World Veterinary Year 2011:
FAO, Veterinarians and Food Security
This year marks the 250th anniversary of veterinary education and profession. To veterinary professionals worldwide these 12 months are full of pride and meaning as they remind global audiences of their contributions to societies and the upkeep of animal health.
But veterinary professionals are involved in much more than treating diseases and injuries in domestic and farm animals. Over the years veterinary professionals have been playing significant and contributory roles in animal and human health and welfare, food quality, food safety and food security, ecology, ethology, epidemiology, physiology and psychology, development of drugs and pharmaceuticals, biomedical research, as educators and trainers, in wildlife conservation, and the protection of the environment and biodiversity.
As of December 2010, there are 156 veterinarians working for FAO. Of these, there are 14 in North Africa and the Middle East, 56 in Europe, 9 in Central Asia, 30 in East Asia and the Pacific, 11 in Latin America, and 36 in sub-Saharan Africa. It is evident that the work of FAO veterinary professionals reaches all corners of the world.
Veterinarians working for FAO deal with infectious and parasitic diseases in domestic animals and wildlife, as well as with veterinary public health. Some are involved in health crisis management, others in epidemiological surveillance, early warning and prevention systems, diagnostic laboratories and networks, socio-economic impacts and livelihood studies, policy analysis, environmental assessments, elucidation of livestock production systems and landscapes supporting disease spread and persistence, animal nutrition and feedstuffs, animal genetic resources management, and pathogen tracking and disease intelligence. In short, veterinarians are multifunctional professionals helping societies and its animals to stay healthy and productive.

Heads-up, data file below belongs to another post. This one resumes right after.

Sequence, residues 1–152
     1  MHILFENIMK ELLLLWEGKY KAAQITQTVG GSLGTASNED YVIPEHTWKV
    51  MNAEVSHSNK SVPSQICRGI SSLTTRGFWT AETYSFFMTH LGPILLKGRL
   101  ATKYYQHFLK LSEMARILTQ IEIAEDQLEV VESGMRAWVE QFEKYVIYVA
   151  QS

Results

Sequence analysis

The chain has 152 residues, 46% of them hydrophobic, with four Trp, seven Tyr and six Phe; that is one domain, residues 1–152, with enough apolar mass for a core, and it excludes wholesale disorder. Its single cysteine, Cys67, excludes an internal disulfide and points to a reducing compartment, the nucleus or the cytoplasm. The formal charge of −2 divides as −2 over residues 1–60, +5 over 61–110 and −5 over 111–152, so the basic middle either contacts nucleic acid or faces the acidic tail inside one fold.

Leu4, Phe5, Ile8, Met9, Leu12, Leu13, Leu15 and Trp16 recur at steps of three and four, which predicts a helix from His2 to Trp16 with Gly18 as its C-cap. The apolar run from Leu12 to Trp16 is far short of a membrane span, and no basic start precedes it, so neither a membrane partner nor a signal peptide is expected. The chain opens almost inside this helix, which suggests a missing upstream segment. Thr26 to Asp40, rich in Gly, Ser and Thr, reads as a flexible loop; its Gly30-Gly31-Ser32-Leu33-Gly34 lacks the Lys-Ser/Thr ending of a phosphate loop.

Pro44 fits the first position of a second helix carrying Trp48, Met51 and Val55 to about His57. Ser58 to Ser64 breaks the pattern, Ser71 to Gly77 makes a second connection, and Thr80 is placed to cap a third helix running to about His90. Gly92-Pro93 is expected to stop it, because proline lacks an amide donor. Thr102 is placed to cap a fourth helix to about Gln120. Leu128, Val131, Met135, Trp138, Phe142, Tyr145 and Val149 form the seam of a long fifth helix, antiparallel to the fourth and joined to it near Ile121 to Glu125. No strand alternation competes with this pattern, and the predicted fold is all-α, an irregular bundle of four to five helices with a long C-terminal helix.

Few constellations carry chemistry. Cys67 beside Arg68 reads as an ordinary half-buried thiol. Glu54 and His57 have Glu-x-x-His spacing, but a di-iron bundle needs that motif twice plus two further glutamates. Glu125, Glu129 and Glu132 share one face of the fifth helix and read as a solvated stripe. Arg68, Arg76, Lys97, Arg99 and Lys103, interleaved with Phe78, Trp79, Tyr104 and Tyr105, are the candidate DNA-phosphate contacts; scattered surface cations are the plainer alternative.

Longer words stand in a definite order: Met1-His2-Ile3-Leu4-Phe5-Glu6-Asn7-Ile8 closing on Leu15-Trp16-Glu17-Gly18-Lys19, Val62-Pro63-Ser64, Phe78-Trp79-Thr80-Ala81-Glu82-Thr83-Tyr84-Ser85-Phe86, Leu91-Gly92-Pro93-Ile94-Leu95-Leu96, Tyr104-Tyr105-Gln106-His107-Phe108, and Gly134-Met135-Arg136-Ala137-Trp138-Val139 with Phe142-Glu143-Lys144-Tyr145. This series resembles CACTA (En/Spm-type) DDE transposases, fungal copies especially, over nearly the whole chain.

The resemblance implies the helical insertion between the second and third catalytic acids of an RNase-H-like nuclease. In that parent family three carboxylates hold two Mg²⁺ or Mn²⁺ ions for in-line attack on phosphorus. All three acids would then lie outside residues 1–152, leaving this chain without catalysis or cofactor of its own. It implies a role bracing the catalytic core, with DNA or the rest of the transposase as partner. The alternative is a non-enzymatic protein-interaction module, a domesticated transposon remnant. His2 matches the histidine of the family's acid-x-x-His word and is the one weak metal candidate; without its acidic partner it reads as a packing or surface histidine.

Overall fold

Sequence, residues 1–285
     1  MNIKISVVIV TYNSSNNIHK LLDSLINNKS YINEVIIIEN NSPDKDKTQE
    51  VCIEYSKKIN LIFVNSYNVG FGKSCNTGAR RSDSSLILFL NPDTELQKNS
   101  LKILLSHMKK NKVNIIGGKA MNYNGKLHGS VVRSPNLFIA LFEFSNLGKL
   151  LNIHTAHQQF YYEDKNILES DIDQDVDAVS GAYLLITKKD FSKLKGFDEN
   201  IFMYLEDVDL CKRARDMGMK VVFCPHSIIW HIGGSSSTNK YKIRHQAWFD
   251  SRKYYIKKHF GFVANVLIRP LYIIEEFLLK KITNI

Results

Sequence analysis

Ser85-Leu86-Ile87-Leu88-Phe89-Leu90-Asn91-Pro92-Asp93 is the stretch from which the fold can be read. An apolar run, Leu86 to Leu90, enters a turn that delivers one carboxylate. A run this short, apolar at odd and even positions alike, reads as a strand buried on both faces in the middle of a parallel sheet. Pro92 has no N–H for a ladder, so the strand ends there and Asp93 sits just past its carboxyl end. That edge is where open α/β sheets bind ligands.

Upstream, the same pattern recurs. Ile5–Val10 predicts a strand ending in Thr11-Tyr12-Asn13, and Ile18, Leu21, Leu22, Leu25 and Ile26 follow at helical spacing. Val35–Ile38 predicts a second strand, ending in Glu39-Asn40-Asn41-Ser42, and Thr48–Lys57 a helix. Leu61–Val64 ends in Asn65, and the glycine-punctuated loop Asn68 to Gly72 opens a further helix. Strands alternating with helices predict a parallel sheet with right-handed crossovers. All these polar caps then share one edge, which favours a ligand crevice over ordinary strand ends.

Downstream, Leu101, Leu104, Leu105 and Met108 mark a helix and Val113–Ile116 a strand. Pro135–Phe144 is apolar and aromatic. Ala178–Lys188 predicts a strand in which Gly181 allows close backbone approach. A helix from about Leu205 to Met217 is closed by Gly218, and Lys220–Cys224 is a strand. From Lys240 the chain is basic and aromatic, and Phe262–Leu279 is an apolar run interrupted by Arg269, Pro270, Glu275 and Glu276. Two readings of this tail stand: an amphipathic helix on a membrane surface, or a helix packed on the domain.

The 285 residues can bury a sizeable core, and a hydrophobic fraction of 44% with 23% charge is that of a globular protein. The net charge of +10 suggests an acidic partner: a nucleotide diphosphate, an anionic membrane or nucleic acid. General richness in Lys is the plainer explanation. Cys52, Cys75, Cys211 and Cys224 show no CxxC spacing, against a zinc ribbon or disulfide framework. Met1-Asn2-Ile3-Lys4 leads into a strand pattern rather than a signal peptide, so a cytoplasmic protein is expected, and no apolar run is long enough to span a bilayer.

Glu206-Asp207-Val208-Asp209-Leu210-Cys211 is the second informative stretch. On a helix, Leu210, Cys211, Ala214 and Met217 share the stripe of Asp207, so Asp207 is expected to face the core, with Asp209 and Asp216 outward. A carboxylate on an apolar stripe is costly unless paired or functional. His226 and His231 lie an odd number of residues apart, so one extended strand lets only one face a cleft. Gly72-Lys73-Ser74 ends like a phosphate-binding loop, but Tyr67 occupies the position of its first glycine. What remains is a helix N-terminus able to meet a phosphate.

This can be demonstrated through the multidimensional benefits of eradicating Rinderpest from the face of the earth; an achievement of FAO and partners under the Global Rinderpest Eradication Programme (GREP). Also, FAO veterinarians played preponderant roles in the fight against H5N1 Highly Pathogenic Avian Influenza (H5N1 HPAI) ever since it surfaced in Southeast Asia back in late 2003; and it is now an ongoing effort in a small number of countries.
In addition to these diseases, the Animal Production and Health Division (AGA) is also active in addressing African swine fever, Contagious Bovine Pleuropneumonia, Foot-and-Mouth Disease, Rift Valley Fever, Rabies, and African Trypanosomiasis, among others.
In sum, AGA—through its activities—assists ministries of agriculture, animal health agencies and veterinary units of member countries to improve the services delivered to a variety of livestock production systems. These animal health services help maintain healthy and productive animals that make important contributions to food production, income generation, job creation, economic growth, and poverty alleviation.